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It's Not about Race 

It's about toothless laws and exploitation

For almost a year, a rapist terrorized Greensboro, High Point and Winston-Salem, assaulting eight women. In a February case, he raped a woman after holding a gun to the head of her three-year old.

After Gilberto Cruz Hernandez, a 24-year-old illegal immigrant from Mexico, was arrested for the crimes, the Greensboro News & Record began digging into his background and uncovered a few facts that no doubt had some readers gritting their teeth in outrage.

Cruz tried three times to settle in this country, and was deported by the federal government in 1997 and 2002. On his third try, the same federal government that had deported him two years earlier rewarded him with the $123,000 Housing and Urban Development loan he used to buy a house in Winston-Salem, the paper reported.

Using fake documents, he also got a job with a print company making $44,000 a year. Now he's claiming he is indigent and can't afford an attorney, so taxpayers will be paying the tab for his public defense team, too.

At the rate he was going, Cruz could have gotten a job at a fertilizer plant and studied bomb making in his spare time and the federal government would have been none the wiser.

To some, merely pointing out in print that this man is an illegal from Mexico makes me a racist, because American citizens rape people, too. To others, this incident is an outrage because Cruz is here illegally. If our government was willing to protect the nation's border, Cruz wouldn't have been here and the rapes he allegedly committed wouldn't have happened.

Neither side completely gets what is really going on here.

It's a statistical fact that if you scooped up five million random people -- let's say Europeans -- whose identities you do not know, and you turned them loose in this country, among them would be about 3,900 sex offenders, 40 serial rapists, at least two serial killers and an unknown number of drug dealers, thugs and drunk drivers. God knows how many would have terrorist inclinations. These people would inevitably do permanent damage to the lives of thousands of citizens, or even millions in the case of the terrorists.

It has become obvious our federal leaders, in particular our president, have made a calculated choice that this is the price they are willing to pay to allow business owners to save money on cheap labor and avoid paying the taxes the politicians don't have the gonads to cut.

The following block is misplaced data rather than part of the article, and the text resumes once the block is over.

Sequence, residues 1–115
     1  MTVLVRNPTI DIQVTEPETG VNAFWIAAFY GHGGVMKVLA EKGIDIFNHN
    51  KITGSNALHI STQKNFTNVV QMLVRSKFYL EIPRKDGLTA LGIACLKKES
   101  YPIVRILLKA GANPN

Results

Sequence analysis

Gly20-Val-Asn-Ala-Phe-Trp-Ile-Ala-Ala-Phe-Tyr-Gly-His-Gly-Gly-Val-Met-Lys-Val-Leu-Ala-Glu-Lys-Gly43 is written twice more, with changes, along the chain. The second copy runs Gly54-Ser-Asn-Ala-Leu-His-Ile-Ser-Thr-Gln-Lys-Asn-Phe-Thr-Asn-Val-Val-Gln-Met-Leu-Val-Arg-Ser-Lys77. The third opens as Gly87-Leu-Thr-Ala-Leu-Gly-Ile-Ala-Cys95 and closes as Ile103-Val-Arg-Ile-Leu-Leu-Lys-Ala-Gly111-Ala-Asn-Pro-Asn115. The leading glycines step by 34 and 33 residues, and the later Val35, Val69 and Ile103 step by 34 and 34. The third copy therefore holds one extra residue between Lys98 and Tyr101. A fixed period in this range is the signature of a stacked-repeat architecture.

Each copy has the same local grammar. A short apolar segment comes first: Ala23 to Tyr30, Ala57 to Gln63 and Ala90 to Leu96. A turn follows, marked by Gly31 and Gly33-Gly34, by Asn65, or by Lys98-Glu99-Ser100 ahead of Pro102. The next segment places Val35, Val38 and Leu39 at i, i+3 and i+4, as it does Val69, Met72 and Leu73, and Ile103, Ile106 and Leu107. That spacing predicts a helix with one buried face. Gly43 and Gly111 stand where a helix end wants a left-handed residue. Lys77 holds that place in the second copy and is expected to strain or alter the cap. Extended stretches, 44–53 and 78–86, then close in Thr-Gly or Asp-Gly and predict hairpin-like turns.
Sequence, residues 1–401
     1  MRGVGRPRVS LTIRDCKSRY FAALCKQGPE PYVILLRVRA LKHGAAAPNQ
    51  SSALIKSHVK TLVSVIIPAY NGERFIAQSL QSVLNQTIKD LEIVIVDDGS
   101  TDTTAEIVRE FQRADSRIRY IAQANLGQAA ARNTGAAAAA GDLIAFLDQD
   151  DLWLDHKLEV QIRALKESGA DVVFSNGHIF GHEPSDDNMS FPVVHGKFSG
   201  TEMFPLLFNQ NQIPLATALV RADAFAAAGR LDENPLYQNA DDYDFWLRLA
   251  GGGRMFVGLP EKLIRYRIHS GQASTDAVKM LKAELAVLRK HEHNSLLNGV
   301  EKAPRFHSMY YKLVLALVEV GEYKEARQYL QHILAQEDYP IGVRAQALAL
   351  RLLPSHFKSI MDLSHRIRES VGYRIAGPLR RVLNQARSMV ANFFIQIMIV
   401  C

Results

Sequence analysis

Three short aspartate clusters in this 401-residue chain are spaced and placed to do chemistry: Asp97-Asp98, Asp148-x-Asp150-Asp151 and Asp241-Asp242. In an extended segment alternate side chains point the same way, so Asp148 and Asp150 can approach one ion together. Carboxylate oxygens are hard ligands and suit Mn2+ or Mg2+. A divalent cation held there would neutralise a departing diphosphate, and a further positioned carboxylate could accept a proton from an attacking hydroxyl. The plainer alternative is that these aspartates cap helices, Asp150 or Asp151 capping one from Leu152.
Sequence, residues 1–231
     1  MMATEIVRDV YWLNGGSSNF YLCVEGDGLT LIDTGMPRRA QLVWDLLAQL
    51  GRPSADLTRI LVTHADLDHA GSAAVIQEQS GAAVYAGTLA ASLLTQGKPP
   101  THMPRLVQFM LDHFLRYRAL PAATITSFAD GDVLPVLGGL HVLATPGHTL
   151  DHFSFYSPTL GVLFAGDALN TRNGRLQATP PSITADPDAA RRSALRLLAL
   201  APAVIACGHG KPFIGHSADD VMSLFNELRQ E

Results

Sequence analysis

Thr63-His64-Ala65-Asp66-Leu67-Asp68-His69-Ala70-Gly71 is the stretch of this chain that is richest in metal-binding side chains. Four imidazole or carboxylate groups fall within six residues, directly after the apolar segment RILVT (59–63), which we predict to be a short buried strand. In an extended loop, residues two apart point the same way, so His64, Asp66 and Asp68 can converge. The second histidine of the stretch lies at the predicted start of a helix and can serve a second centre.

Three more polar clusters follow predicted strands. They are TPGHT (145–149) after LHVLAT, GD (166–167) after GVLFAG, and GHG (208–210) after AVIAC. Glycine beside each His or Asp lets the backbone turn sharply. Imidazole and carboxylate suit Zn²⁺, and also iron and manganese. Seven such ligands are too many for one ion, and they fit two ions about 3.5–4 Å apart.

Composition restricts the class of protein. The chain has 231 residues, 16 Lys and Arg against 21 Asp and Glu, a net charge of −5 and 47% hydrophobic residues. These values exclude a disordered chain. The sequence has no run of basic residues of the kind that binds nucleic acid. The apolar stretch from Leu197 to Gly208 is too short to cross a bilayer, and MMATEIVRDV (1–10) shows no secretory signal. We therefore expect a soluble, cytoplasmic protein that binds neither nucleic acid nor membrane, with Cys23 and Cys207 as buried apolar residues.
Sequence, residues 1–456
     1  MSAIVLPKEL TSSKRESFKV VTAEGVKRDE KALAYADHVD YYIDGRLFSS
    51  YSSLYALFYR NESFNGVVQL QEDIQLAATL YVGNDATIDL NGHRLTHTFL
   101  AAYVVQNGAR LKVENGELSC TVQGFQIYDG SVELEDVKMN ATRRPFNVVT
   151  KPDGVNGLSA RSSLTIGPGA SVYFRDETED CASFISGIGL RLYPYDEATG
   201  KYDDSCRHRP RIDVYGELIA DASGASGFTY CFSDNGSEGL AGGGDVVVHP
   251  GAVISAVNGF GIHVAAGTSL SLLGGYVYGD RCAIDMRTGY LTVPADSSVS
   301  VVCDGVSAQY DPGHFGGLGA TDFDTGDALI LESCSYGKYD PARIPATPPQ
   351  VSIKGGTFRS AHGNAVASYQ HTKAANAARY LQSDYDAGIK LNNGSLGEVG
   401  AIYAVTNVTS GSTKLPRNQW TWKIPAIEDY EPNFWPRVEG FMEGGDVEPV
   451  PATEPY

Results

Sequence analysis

Congress asked for 10,000 border guards in five years. Bush's budget allocated 200 until overwhelming outrage in the Senate forced him to bump up the number to 2,000. Immigration enforcement at work sites under Bush has become non-existent. Yet he and his cronies would have us believe they can secure Iraq tightly enough for eight million people to vote -- a feat, to their credit, that they have accomplished three times -- and create a stable democracy there, but that they cannot secure our own borders.

What it really comes down to is that the politicians can't take the ripping they'd get if they closed the border and did the federal equivalent of illegal immigration -- eliminating all the federal taxes employers pay on employees, loosening labor laws that apply to all but the most skilled employees and then importing whatever labor we still need.

Instead, these politicians are willing to risk another 9/11, even one with a nuclear twist. They are willing to subject the eight women in the Triad and thousands more around the country to brutalization that didn't have to happen.

But we aren't the only ones paying the price. In November, the Washington Times reported that mass rape and sodomizing of Mexican women by the men they pay to ferry them over the border is becoming common practice.

"I thought the wailings we heard at night were the coyotes barking at the moon," Tim Donnelly, who headed the Minuteman Civil Defense Corps border vigil, told the Washington Times. "I didn't know until later that those sounds were the cries of women being raped in the Mexican desert, some less than 100 yards away from the border.

"There was absolutely nothing anyone could do about it," Donnelly told the Times reporter, who wrote that Donnelly "grimaced as he turned away to hide his emotions."

This is George Bush's legacy of "tolerance" for the Latino community that he claims he wants to embrace. Whether they intend it or not, Latino activists who advocate for acceptance of illegals by our society without simultaneously demanding we close our border are little more than cheap shills for Bush and his cronies.

Those who waste their venom on illegals after the latest drunk driving fatality need to turn it back on Bush, Congress and our local leaders. Think about it from an illegal immigrant's perspective. If we weren't serious about enforcing our immigration laws, why should we expect anyone to believe we are serious about enforcing our drunk driving laws?

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